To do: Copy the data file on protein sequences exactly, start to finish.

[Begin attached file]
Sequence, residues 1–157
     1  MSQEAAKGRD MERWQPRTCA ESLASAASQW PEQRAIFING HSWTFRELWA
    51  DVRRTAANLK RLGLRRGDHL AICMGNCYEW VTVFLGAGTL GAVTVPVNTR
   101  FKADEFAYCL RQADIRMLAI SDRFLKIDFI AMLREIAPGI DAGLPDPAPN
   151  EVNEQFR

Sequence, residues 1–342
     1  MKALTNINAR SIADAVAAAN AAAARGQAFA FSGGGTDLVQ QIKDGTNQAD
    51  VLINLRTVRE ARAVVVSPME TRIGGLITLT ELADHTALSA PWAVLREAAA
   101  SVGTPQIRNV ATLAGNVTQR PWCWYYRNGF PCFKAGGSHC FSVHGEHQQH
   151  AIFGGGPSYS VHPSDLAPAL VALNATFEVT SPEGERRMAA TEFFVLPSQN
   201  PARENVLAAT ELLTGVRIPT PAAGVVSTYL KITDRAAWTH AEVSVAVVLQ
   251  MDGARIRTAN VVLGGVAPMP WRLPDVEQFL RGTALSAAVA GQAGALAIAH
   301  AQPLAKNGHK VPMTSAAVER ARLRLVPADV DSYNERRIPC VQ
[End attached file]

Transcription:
Sequence, residues 1–157
     1  MSQEAAKGRD MERWQPRTCA ESLASAASQW PEQRAIFING HSWTFRELWA
    51  DVRRTAANLK RLGLRRGDHL AICMGNCYEW VTVFLGAGTL GAVTVPVNTR
   101  FKADEFAYCL RQADIRMLAI SDRFLKIDFI AMLREIAPGI DAGLPDPAPN
   151  EVNEQFR

Sequence, residues 1–342
     1  MKALTNINAR SIADAVAAAN AAAARGQAFA FSGGGTDLVQ QIKDGTNQAD
    51  VLINLRTVRE ARAVVVSPME TRIGGLITLT ELADHTALSA PWAVLREAAA
   101  SVGTPQIRNV ATLAGNVTQR PWCWYYRNGF PCFKAGGSHC FSVHGEHQQH
   151  AIFGGGPSYS VHPSDLAPAL VALNATFEVT SPEGERRMAA TEFFVLPSQN
   201  PARENVLAAT ELLTGVRIPT PAAGVVSTYL KITDRAAWTH AEVSVAVVLQ
   251  MDGARIRTAN VVLGGVAPMP WRLPDVEQFL RGTALSAAVA GQAGALAIAH
   301  AQPLAKNGHK VPMTSAAVER ARLRLVPADV DSYNERRIPC VQ